What do you think about when you hear words like “risk” and “insurance?” For most physicians, medical malpractice immediately comes to mind. But med mal is just the tip of the iceberg. To insulate your center from expensive liabilities, a complete risk transfer strategy is essential. But this is a place where independent facilities often fall short.
The right types and amounts of ASC insurance minimize financial loss from claims, keep your facility afloat in the event of a catastrophic claim, and can even save your center’s reputation (an insurance settlement is preferable to a lawsuit, right?). So get out your policies, open them up, and let us give you a crash course in risk transfer. The next time you meet with your insurance agent, you’ll know exactly what they’re talking about.
One Trade-Off You Should Never Make
You already know that there’s no relationship between cost and quality, so never, ever make a decision based on cost alone. Coverage terms and premiums vary by specialty (some specialties are higher risk than others) and by carrier. So if you get three quotes and think you’re comparing apples to apples, you’re not, according to ASCA 2017 presenters and risk management strategists Sarah Logue and Linda McSmith. To fully evaluate both your current policies and new ones, you must be able to do three things, they say:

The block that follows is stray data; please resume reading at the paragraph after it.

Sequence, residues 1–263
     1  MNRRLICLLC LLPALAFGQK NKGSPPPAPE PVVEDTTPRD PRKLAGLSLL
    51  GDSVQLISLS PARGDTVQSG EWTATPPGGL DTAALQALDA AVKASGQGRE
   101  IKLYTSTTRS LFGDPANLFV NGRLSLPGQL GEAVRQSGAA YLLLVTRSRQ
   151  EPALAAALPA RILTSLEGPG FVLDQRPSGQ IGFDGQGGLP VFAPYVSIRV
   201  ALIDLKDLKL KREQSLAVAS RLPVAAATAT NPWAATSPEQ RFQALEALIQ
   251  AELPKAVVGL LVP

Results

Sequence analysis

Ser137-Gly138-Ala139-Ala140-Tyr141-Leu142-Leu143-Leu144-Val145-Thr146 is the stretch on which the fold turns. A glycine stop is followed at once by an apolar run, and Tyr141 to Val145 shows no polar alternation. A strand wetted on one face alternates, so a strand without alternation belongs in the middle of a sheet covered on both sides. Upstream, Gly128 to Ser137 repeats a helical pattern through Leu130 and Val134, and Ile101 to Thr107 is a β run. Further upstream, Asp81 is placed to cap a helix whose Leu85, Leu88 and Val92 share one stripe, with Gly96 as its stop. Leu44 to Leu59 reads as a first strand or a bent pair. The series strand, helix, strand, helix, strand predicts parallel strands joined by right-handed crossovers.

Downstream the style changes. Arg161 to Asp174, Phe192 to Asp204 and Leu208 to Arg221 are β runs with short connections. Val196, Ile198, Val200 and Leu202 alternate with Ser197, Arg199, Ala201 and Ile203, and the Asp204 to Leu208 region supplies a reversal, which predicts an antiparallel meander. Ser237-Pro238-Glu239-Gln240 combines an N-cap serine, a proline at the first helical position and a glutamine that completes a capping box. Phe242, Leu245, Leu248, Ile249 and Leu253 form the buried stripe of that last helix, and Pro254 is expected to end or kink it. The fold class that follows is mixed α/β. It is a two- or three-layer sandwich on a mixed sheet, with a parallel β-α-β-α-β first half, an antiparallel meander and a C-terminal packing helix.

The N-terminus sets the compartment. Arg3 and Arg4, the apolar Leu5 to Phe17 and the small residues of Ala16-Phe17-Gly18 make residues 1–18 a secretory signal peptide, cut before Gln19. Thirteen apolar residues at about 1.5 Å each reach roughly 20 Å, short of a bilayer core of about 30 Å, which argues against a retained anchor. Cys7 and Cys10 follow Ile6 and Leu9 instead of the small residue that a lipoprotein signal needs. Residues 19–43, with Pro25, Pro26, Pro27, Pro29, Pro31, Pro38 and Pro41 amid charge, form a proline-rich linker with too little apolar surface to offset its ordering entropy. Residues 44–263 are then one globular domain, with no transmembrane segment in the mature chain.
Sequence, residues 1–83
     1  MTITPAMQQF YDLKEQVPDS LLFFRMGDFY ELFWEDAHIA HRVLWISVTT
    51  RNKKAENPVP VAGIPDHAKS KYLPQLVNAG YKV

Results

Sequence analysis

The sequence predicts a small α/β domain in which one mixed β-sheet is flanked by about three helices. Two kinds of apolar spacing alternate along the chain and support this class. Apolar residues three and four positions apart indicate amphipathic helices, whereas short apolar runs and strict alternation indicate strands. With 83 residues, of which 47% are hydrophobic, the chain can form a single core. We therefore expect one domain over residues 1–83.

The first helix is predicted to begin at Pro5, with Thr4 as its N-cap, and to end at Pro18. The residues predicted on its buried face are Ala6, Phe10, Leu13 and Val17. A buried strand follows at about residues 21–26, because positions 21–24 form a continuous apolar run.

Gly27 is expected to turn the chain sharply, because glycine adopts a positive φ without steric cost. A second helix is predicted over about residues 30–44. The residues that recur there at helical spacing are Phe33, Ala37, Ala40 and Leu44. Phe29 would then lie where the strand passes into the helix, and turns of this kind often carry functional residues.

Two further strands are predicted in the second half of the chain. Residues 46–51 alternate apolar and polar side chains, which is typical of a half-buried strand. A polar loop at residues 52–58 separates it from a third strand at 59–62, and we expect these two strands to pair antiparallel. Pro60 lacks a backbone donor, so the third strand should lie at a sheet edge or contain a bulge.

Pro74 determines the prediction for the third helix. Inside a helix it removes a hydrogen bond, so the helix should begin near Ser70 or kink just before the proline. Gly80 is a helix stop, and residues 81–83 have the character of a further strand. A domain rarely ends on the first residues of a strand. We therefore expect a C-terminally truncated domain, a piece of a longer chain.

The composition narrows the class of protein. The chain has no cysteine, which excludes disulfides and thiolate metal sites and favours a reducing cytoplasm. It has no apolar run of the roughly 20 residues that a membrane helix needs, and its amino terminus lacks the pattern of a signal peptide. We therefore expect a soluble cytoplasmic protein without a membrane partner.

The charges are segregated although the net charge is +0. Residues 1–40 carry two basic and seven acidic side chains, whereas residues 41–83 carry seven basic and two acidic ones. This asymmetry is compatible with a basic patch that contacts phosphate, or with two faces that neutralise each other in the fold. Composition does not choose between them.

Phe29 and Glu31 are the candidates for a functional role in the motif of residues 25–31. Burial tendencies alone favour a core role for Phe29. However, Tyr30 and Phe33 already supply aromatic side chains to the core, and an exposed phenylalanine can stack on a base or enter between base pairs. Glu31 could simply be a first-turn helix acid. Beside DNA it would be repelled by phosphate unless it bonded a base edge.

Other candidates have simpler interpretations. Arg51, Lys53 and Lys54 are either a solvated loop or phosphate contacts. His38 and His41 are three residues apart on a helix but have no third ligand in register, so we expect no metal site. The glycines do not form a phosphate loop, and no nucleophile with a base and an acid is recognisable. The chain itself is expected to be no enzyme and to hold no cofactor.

Step 1: Identify and explain your risks and exposure.
Common risks in a surgical setting include things like infection control, labeling, procedure privileges, and many more. What risks can you minimize or eliminate?
Step 2: Evaluate policy language and services.
The number of ASC owners who have read—and understood—their ASC insurance policies is probably about the same as the number of patients who have read—and understood—their health insurance policies. So…not many.
Step 3: Compare policy language.
One policy is not like the next. You must evaluate each policy’s coverage and services side-by-side.
Are you underinsured? If you haven’t re-evaluated your policies lately, you might be. Maybe you’ve added new equipment. Maybe real estate values have risen. Whatever the case, you may need more coverage due to that growth.
Insurance 101: A Glossary
Who wants to read pages and pages filled with legal mumbo jumbo? You may not relish that task, but it’s better to do it now. If you wait till a claim is made, you could be in for some nasty (and expensive) surprises. The following terms are common in liability policies, say Logue and McSmith. Here’s what they mean:
Amendments to a policy that change something about the original policy. For example, an endorsement might add coverage for additional employees or exclude certain acts from coverage.
Coverage for audits and investigations, like RAC audits. Complying with audit requests can cost a lot of money and lost productivity—even if no wrongdoing is discovered. It may be included in some policies, other times you must purchase it.